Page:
As noted, although a chromate conversation coating may be employed after the treatment of this process and before the application of the organic coating, it has surprisingly been discovered that a chromating step is unnecessary and that increased and acceptable adhesion can be achieved without the need for an intermediate chromating step. The elimination of a chromating step is advantageous from economical, environmental and safety points of view. However, if desired, intermediate chromating may be utilized. If desired, the chromating composition to be used in the process can be any composition capable of effectively creating a chromate conversion coating on the surface of the metal being treated. In this regard the teachings of U.S. Pat. No. 2,796,370 are herein incorporated by reference in their entirety. The inventors have found Iridite 14-2, a chromating solution available from MacDermid, Incorporated of 245 Freight Street, Waterbury, Conn., to be particularly useful in this regard.

The adhesion promoting composition and the chromating composition, if used, may be applied to the metal surface by either immersion, spray or equivalent method. The compositions should preferably remain in contact with the metal surface for a minimum of several minutes.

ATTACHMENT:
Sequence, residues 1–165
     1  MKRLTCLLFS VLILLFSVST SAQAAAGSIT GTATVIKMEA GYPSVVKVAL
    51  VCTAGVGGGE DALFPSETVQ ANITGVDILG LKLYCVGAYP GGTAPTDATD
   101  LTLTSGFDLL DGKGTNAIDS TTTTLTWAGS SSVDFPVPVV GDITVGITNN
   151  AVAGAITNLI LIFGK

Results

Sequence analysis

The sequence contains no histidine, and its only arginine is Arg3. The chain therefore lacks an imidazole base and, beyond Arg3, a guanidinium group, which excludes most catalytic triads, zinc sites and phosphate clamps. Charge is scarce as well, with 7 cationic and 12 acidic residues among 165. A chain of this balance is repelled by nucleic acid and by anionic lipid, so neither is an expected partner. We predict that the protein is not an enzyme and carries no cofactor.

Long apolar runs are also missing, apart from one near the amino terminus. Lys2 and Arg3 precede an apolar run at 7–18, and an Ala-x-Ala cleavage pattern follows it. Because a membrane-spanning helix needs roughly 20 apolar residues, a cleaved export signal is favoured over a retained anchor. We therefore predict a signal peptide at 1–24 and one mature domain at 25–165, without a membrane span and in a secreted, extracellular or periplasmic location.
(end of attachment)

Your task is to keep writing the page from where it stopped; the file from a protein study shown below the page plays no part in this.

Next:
Although not wishing to be bound by theory, it is believed that treating the metallic surface with the adhesion promoting composition increases the surface energy of the treated surface. It is further believed a uniform and structurally strong surface layer is formed that comprises both metallic oxides and organo metallic compounds. The nitrosulfonic acid is thought to perform a central role in the formation of these surface organometallic species and that these surface organometallic species are the primary reason for the improved adhesion of the organic layer to the treated metal surface. The surface treated with the adhesion promoting composition is unique in several aspects. The organometallic structure on the metallic surface maintains the modified surface energy for an extended period and can therefore effectively be painted for about several months after treatment.